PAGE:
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Home > Blog > The Facts about Prolactinomas: A Benign Tumour of the Pituitary Gland

The Facts about Prolactinomas: A Benign Tumour of the Pituitary Gland

The Facts about Prolactinomas: A Benign Tumour of the Pituitary Gland

Max Lab

Feb 02, 2024

The pituitary gland is a small gland located at the base of the brain. It controls the release of hormones by the other endocrine glands and also produces several important hormones that are needed to regulate various functions in the body, including prolactin. Prolactin is a hormone that can be found in male as well as female bodies, but it is mainly responsible for milk production in women after they give birth by stimulating the breast.

What is Prolactin?

Also known as lactotropin, prolactin is a hormone, which is responsible for development of mammary glands, lactation, and milk production. Apart from the pituitary gland, the hormone can also be produced by the immune system, central nervous system, and mammary glands. People assigned male at birth and non-lactating and non-pregnant people generally have low levels of this hormone in their blood, while high levels of prolactin are considered symptoms of a tumour called a prolactinoma. High prolactin levels are referred to as hyperprolactinemia, which can lead to several health issues, including infertility.

What Are Prolactinomas?

A prolactinoma is a tumour that forms when some of the prolactin-producing cells of the pituitary gland start multiplying more than required and form a growth or tumour. Prolactinomas are benign and those that are less than 1 centimetre in size are called micro-prolactinomas, while the larger ones are called macroprolactinomas. A prolactinoma is one of the most common causes of high prolactin production in the body. Prolactinomas are more common among women, especially between the ages of 25 and 34 years, but they also tend to be larger in men than in women. Small non-cancerous pituitary tumours or adenomas are very common among the general population (almost 40%), which makes it the most common type of tumour of the pituitary gland.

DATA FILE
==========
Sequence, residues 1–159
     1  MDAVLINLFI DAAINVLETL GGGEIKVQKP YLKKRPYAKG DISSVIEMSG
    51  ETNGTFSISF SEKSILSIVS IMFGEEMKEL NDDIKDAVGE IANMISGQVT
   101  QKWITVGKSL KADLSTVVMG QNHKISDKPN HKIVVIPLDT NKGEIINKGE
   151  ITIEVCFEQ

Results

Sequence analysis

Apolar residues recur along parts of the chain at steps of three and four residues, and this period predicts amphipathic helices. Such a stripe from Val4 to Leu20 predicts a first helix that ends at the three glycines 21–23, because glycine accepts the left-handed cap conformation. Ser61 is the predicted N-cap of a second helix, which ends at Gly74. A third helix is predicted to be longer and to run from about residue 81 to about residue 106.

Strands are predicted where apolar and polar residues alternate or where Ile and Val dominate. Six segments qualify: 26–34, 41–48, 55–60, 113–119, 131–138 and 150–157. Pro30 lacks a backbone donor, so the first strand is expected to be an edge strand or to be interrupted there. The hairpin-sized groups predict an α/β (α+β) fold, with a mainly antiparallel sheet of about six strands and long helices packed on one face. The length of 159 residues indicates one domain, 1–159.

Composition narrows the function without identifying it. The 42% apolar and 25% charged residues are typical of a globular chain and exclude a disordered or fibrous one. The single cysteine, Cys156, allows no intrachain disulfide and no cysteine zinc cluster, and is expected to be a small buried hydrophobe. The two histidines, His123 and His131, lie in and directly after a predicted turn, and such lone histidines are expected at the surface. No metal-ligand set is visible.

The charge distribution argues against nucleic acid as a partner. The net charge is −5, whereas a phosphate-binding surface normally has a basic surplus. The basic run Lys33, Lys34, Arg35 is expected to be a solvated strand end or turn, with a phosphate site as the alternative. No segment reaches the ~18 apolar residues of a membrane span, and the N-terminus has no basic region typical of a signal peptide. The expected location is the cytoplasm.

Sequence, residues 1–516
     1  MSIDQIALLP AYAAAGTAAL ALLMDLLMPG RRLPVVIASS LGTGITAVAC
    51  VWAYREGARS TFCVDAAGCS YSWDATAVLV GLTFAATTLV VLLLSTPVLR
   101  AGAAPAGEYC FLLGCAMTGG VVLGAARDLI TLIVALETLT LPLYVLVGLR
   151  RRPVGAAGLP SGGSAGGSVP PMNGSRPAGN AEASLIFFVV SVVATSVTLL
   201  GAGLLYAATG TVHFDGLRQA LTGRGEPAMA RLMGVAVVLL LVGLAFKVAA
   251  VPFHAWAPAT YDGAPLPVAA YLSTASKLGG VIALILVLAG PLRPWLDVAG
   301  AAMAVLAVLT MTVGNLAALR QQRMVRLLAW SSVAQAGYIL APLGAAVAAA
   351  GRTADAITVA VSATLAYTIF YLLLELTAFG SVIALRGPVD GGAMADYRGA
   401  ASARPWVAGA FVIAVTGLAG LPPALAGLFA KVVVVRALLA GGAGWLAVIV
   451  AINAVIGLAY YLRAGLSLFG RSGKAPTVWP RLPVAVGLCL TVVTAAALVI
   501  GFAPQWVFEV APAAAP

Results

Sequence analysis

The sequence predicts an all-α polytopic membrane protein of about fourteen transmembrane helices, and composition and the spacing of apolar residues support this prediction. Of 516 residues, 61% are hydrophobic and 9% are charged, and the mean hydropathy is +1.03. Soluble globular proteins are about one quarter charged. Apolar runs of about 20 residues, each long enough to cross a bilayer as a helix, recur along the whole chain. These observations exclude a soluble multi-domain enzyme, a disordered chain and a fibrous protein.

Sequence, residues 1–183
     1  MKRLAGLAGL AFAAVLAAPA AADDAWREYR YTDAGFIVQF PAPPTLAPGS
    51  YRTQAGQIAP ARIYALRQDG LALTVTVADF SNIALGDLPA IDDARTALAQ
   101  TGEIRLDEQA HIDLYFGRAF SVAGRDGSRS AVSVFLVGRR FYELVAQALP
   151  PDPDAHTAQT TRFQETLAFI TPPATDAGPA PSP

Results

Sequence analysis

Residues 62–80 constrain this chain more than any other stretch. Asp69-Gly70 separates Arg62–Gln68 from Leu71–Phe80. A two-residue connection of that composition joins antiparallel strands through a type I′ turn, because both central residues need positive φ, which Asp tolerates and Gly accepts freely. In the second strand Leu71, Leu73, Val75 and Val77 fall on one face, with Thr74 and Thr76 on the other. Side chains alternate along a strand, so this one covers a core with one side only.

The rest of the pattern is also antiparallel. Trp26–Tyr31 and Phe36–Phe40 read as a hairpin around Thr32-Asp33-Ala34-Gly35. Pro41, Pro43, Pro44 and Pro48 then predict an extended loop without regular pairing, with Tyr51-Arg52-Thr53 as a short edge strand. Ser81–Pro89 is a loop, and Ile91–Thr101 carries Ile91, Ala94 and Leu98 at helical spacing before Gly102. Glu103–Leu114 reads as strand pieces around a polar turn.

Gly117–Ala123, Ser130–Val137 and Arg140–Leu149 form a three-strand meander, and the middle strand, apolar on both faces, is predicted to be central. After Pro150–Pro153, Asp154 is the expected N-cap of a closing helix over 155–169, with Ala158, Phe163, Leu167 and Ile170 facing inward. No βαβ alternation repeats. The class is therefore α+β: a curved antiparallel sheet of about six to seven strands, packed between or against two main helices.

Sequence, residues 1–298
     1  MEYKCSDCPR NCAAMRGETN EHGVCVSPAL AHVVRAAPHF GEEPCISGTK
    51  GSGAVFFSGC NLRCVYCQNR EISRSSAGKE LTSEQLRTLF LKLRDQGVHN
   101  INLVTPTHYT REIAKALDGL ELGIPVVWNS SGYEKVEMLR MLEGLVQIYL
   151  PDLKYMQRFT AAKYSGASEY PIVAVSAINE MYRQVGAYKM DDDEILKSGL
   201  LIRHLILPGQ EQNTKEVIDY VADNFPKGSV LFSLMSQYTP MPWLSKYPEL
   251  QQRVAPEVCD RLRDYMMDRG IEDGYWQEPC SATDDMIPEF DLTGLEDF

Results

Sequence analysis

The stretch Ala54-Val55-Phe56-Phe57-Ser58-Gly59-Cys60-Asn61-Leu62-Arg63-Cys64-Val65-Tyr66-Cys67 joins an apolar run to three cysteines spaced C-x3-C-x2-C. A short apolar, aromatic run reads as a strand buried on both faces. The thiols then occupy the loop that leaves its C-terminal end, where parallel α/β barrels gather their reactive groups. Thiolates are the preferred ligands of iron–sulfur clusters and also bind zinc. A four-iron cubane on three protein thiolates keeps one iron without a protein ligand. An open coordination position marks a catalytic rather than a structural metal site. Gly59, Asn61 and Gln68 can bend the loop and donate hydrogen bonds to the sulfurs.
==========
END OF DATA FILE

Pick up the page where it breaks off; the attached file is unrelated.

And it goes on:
Symptoms of a High Prolactin Level and a Prolactinoma

One of the most common symptoms of a high prolactin level in the blood of a premenopausal woman is the decreased secretion of oestrogen, while in men, the symptoms of a high prolactin level in the blood are reduced production of testosterone and sperm.

On the other hand, the symptoms of a prolactinoma tumour are different. In fact, the symptoms of the tumour are also different for men, premenopausal women, and postmenopausal women, and they may also vary based on the location and size of the prolactinoma.

Symptoms in Premenopausal Women

Due to the very noticeable symptoms, prolactinomas are easily discovered in women at an early stage, but they may also go unnoticed if one is taking hormone therapy, such as birth control pills.

Symptoms in Postmenopausal Women

Symptoms may not be noticed when the tumour is small, but as it grows and begins pressing against nearby tissues, the symptoms may include:

  • Changes in vision.
  • Loss of vision.
  • Frequent headaches.
  • Impaired peripheral vision.
  • Pressure or pain in the sinus.
  • Issues with the sense of smell.
  • Nausea and vomiting.

Symptoms in Men

  • Reduced sex drive.
  • Low levels of testosterone.
  • Erectile dysfunction.
  • Milky discharge from the nipples.
  • Enlarged breast tissues.

Symptoms in Children and Teenagers

  • Delayed puberty.
  • Irregular menstrual cycles in girls.
  • No menstrual periods in girls.